The ancient Greeks worshiped the Pantheon of Gods on Mt Olympus, with Zeus as king of the twelve gods and Hera as their queen. However, they also worshiped minor gods that were just as powerful and on whom the gods relied. Two such ‘minor’ gods were the twin brothers Hypnos or Sleep and Thanatos or Death (Greek: Ύπνος και Θάνατος). They had many similarities, but just as many differences.
Hypnos and Thanatos have been with us from the beginning of Time. Their mother was Night or Nyx (Greek: Νύχτα) and their father was Erubus (Greek: Έρεβος), which means ‘deep darkness, ‘shadows’. He personified darkness just as Nyx personified night. As you can understand, with such parents, the sun did not see much of them. According to Hesiod, the Sun never saw Hypnos or Thanatos because Thanatos lived in Tartarus, far down from the surface of the earth whereas Hypnos is said to have lived in a cave on the island of Lemnos and came out only at night following the trail of his mother Nyx.
These two minor gods may not have lived among the gods on Mt Olympus, they were nevertheless, very powerful. Many think that out of the two brothers, Thanatos had more power, but this is not so. Everyone avoided Thanatos whereas they welcomed Hypnos. It was not only the mortals that had to sleep, but the gods as well. Hypnos would use a branch to sprinkle water taken from the River Lethe or ‘Forgetfulness’ (Greek: Ποταμός Λήθη) over the people or the gods in order to put them to sleep. This symbolises the fact that when someone falls asleep, they forget everything. This is described in the Iliad, the epic poem composed by Homer around 8th century BC, where Hera pleaded with Hypnos to make her husband Zeus fall asleep so that she would be free to influence the outcome of the war with Troy in favour of the Greeks. ‘Put to sleep the shining eyes of Zeus under his brows as soon as I have lain beside him in love. I will give you gifts.’
When Zeus’ son, Sarpedon, who fought on the side of Troy, was killed by Patroclus, there was a struggle for the possession of his body. His body was rescued by the god Apollo, who was not only the Sun god, but also a god of healing. In the Iliad, Hera speaks to Zeus about Sarpedon’s fated death. ‘But after the soul and the years of his life have left him, then send Thanatos to carry him away, and Hypnos, who is painless, until they come with him to the countryside of broad Lykia where his brothers and countrymen shall give him due burial with tomb and gravestone.’ Lykia (Greek: Λυκία) is now a part of Turkey. This episode can be seen on the famous Euphronios Krater. Euphronios was a well-known painter and potter and he created this red-figure pottery bowl used for mixing wine with water around 515 BC. On the front of the Krater, Sarpedon’s body is being carried by Hypnos and Thanatos, while Hermes watches. On the reverse side is a group of Athenian youths arming themselves. The krater had originally been found by tomb raiders in an Etruscan cemetery near Cerveteri, Italy, in December 1971.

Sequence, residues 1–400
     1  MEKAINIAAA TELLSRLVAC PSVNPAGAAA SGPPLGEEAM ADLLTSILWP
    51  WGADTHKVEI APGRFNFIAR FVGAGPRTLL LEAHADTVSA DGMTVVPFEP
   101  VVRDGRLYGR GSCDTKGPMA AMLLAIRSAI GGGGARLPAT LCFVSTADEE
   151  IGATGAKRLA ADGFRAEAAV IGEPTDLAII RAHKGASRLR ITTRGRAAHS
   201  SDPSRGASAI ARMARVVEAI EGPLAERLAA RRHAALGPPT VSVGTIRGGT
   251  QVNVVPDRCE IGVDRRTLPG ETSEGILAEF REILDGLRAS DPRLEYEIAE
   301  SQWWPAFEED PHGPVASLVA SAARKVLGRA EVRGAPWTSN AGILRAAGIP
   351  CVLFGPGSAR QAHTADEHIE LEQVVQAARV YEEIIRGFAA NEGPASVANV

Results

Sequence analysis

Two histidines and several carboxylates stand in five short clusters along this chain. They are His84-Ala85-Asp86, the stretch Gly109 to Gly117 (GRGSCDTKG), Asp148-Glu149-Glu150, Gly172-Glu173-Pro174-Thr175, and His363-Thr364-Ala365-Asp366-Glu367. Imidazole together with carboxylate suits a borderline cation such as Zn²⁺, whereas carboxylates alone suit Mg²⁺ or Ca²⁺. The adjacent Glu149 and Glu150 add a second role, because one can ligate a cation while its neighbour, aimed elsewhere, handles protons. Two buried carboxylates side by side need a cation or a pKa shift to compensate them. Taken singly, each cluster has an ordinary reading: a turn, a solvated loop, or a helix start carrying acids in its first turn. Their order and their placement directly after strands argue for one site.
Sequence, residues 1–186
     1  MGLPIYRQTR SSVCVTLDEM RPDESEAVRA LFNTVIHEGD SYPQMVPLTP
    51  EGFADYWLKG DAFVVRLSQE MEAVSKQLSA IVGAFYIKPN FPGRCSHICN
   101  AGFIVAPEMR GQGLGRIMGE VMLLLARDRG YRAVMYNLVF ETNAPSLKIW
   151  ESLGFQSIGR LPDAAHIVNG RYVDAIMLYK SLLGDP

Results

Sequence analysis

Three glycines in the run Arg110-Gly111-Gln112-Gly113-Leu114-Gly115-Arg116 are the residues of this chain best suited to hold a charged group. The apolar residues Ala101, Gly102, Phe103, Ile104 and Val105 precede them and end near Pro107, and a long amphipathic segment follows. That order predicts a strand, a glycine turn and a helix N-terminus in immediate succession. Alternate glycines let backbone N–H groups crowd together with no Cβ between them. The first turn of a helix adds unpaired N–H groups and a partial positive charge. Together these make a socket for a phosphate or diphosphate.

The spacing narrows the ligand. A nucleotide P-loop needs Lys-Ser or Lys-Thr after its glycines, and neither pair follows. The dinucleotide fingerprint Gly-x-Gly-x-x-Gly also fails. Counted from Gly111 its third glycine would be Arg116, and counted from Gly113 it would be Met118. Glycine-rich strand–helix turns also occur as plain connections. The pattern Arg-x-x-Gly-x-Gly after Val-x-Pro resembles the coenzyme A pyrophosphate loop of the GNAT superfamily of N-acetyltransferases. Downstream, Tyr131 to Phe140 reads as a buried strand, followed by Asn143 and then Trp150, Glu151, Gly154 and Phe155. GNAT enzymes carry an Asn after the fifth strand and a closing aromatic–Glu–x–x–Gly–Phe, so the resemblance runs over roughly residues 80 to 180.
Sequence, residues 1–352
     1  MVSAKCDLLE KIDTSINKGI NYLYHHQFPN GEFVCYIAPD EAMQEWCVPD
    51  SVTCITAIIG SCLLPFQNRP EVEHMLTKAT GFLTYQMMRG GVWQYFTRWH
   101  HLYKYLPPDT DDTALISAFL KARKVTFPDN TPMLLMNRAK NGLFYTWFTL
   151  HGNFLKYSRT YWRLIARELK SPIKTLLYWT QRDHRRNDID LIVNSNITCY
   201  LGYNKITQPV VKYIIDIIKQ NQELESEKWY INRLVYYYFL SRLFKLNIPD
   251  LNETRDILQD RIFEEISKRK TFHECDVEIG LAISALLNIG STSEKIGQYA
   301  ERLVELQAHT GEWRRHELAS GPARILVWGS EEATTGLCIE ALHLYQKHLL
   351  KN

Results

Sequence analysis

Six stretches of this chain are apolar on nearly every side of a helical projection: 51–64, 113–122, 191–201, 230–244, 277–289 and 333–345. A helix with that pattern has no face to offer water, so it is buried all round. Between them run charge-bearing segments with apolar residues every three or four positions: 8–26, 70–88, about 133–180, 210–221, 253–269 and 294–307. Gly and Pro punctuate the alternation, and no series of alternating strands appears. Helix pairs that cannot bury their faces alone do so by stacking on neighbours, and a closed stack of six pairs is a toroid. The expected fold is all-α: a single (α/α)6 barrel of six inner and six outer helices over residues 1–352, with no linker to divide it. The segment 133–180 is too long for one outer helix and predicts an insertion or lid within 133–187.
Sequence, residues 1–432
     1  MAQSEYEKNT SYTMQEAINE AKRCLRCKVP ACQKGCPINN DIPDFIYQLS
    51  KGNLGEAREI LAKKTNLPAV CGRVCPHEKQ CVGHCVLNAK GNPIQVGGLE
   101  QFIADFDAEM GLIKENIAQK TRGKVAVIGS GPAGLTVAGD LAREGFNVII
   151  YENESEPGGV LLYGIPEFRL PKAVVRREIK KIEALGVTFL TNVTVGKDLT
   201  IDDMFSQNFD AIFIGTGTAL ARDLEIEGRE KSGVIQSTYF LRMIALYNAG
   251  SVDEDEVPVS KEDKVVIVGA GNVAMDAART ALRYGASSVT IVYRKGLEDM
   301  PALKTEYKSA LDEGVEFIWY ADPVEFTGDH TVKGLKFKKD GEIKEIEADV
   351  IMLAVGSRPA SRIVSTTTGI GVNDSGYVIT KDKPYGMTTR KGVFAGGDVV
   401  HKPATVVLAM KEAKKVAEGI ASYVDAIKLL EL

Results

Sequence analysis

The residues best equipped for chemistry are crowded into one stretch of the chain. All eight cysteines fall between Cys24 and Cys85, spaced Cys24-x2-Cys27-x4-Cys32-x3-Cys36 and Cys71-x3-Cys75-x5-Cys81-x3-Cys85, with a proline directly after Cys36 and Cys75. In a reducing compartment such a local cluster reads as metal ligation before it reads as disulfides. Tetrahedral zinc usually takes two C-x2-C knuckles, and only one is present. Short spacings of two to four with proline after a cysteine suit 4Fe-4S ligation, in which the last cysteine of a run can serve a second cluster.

It was sold to a private collector who is turn sold it to the Metropolitan Museum of Art in New York. However, in 2008 it was repatriated to Italy and is now in the Archaeological Museum of Cerveteri.
Hypnos is depicted as a young man with wings on his shoulders or brow. He can also be seen holding a horn with sleep-inducing opium, a poppy stem or a branch dripping water from the river Lethe. Thanatos is also depicted with wings sprouting from his shoulder blades, a sword sheathed at his belt and often holding a torch upside down, which signifies a life extinguished. He appears to humans when the time allotted to them by the Fates has expired and he carries them to Hades.
Although people try to outwit Thanatos, it is very difficult to do so either in mythology or in real life. However, Thanatos was defeated twice in mythology: once by Heracles, who saved Alkestis, the wife of king Admetos of Pherai, who had offered her life in exchange of her husband’s. As Heracles was an honoured guest in their house at that time, he offered to repay the king’s hospitality by fighting with Thanatos for Alkestis’ life. Heracles won and Thanatos was forced to leave empty-handed. The episode is expressed in the play Alkestis by Euripides. Heracles states: I must save this woman who has died so lately, bring Alkestis back to live in this house and pay Admetos all the kindness that I owe.
The second time, Thanatos was tricked by Sisyphus, the king of Corinth, who wanted a second chance at life. He was able to chain Thanatos and escape from Hades. This episode is expressed in Hesiod’s Theogeny in which he states: Sisyphos, son of Aiolos, who by his wits came up even from Haides . . . No one else has ever contrived this, once Thanatos’ dark cloud has enveloped him and he has come to the shadowy place of the dead.
The people respected Hypnos as he gave them the short restful sleep of night, but they were not sympathetic towards Thanatos as he gave them the sleep of eternity. Although they were minor gods, their role in the lives of the people was significant. This was why they were always portrayed together as one complemented the other.